TED is full of pseudoscience
As the global TEDx movement grows, some local events have been targeted by speakers who make unsupported claims about science and health — from perpetual motion to psychic healing. TEDx’s science guidelines clearly state that science and health information shared from stage must be supported by peer-reviewed research. If you have concerns about the content of a TEDx talk, please write to email@example.com and let us know.
TED bans [any topic]
TED has no formal bans on any topic. If you notice we have not covered a topic of interest to you, please suggest a speaker who can do it justice, and feel free to let us know we’ve been missing out! We are always looking for new ideas, topics and speakers.
TED is rich
TED is owned by a nonprofit. Our North American conference itself makes money, as do partnerships with companies and foundations — but we spend it as soon as we get it, supporting big, expensive projects like making TED Talks available for free, and supporting the independent TEDx community around the world. We pay fair salaries to our workers and we pay our interns. No one at TED HQ is getting rich; every dime we make goes right back into supporting our work.
Here’s some screen captures, in 3 parts (final part at 67%), of the Common Dreams article re Edward Snowden and his TED talk. You’ll see nothing. CD is letting us in on its disappeared post here. I’m not the only one whose views are not appreciated within the corporatocracy which doesn’t hesitate to take undemocratic actions to make it clear to us that we need to shut up.
There are two types of definition. One is the dictionary definition for a word or term. The other is the operational definition of a word or term. The operational definition is simply the actual activity or situation that attaches to the word or term you’re looking at.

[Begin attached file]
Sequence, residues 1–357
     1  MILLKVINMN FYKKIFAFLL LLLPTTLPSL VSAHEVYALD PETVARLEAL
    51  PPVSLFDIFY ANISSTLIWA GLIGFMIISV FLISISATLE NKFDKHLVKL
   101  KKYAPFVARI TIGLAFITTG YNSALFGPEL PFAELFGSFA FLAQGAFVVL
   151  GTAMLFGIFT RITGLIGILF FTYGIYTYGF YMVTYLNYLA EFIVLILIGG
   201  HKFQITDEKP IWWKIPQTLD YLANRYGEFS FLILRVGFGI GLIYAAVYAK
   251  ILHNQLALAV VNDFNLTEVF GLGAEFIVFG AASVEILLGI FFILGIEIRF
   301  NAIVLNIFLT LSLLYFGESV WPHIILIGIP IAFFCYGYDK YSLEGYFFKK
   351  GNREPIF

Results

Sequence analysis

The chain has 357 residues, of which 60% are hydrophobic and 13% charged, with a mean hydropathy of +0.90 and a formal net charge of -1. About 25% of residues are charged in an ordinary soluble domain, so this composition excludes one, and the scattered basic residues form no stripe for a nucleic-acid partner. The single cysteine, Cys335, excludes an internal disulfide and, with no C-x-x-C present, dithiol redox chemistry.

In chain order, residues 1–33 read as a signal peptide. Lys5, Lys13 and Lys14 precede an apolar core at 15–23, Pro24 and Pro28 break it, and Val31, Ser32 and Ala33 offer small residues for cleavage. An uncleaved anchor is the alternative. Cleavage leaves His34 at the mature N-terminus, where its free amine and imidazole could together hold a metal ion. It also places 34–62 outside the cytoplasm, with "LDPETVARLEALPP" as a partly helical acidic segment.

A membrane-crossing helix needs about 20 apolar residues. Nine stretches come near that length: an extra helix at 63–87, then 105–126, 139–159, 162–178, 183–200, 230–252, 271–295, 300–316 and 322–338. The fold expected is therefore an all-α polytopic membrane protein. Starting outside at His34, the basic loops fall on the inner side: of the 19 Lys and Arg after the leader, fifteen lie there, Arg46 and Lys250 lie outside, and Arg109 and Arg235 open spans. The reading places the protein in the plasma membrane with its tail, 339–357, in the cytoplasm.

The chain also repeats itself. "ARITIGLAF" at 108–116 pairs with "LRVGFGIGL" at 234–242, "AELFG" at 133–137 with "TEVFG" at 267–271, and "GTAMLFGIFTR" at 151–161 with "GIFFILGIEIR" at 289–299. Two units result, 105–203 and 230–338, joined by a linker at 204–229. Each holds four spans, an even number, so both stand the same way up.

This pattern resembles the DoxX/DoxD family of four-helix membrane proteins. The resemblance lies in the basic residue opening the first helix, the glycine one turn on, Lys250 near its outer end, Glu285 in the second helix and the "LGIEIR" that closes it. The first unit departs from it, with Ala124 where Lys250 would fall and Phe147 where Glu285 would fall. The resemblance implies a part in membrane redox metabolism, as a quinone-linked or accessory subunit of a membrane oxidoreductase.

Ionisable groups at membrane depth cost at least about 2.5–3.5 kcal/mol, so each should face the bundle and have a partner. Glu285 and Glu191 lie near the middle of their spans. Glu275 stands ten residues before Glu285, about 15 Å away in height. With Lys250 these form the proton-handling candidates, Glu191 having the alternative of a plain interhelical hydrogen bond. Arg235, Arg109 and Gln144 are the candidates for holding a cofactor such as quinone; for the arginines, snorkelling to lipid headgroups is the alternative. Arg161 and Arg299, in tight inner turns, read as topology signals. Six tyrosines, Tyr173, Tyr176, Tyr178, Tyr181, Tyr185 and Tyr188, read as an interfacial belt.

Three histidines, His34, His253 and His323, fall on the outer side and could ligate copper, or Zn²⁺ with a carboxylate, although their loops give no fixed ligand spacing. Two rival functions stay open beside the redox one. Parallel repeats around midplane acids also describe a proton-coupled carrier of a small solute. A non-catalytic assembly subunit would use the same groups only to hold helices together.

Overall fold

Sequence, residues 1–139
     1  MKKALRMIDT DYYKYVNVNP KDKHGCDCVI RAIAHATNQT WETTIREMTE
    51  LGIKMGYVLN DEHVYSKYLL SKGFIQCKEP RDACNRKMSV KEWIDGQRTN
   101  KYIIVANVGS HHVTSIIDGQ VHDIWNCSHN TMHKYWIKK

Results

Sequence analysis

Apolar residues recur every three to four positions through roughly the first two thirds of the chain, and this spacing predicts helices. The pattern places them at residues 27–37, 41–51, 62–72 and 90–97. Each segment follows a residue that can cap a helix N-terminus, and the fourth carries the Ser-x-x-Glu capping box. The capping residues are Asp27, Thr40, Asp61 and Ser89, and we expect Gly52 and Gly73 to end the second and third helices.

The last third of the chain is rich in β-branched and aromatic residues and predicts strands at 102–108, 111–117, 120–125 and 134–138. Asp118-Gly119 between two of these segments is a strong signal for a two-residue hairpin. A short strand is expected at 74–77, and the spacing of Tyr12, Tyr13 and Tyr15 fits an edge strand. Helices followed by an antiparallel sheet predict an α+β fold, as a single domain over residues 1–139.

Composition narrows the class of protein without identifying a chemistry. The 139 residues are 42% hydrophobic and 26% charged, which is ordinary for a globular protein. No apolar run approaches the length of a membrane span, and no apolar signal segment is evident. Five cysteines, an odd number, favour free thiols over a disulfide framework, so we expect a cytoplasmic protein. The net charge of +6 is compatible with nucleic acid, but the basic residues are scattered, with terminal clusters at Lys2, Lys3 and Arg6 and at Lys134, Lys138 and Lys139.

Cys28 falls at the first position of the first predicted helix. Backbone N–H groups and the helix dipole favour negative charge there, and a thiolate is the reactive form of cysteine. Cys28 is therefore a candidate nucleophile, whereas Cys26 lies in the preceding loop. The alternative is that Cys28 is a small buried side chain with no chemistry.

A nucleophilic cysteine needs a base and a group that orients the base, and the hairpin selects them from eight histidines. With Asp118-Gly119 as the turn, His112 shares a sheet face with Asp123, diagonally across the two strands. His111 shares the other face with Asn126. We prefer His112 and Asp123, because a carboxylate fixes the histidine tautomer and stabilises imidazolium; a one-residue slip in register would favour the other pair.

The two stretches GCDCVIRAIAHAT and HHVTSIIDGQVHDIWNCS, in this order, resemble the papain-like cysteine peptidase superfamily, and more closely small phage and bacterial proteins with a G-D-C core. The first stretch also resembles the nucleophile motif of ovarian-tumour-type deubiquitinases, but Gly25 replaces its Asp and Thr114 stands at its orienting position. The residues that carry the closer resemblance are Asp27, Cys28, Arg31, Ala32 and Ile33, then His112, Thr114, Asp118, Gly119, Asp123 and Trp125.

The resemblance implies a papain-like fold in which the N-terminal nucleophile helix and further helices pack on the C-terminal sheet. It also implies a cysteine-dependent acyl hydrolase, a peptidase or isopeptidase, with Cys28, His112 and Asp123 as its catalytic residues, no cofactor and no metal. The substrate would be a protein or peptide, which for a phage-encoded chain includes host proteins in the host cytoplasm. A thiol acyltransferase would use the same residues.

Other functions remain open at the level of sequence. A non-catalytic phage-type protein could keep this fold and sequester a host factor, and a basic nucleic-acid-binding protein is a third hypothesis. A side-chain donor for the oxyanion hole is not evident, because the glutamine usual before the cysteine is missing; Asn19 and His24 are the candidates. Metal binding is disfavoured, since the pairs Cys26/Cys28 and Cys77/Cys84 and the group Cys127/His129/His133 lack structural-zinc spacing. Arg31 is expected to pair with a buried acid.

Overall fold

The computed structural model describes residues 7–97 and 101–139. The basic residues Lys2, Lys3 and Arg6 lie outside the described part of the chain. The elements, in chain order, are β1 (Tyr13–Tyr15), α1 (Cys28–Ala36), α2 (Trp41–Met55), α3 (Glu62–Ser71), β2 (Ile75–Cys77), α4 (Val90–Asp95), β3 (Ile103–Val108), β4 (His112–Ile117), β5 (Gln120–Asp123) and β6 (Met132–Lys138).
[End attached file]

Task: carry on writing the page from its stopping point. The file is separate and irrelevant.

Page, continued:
Another view of TED, from Alex Pareene (“Why TED Is a Massive, Money-Soaked Orgy of Self-Congratulatory Futurism” – Alternet), follows. This is an excerpt:
“In case you’re unfamiliar with TED, it is a series of short lectures on a variety of subjects that stream on the Internet, for free. That’s it, really, or at least that is all that TED is to most of the people who have even heard of it. For an elite few, though, TED is something more: a lifestyle, an ethos, a bunch of overpriced networking events featuring live entertainment from smart and occasionally famous people.
“Before streaming video, TED was a conference — it is not named for a person, but stands for “technology, entertainment and design” — organized by celebrated “information architect” (fancy graphic designer) Richard Saul Wurman. Wurman sold the conference, in 2002, to a nonprofit foundation started and run by former publisher and longtime do-gooder Chris Anderson (not the Chris Anderson of Wired). Anderson grew TED from a woolly conference for rich Silicon Valley millionaire nerds to a giant global brand. It has since become a much more exclusive, expensive elite networking experience with a much more prominent public face — the little streaming videos of lectures.
“It’s even franchising — “TEDx” events are licensed third-party TED-style conferences largely unaffiliated with TED proper — and while TED is run by a nonprofit, it brings in a tremendous amount of money from its members and corporate sponsorships. At this point TED is a massive, money-soaked orgy of self-congratulatory futurism, with multiple events worldwide, awards and grants to TED-certified high achievers, and a list of speakers that would cost a fortune if they didn’t agree to do it for free out of public-spiritedness.”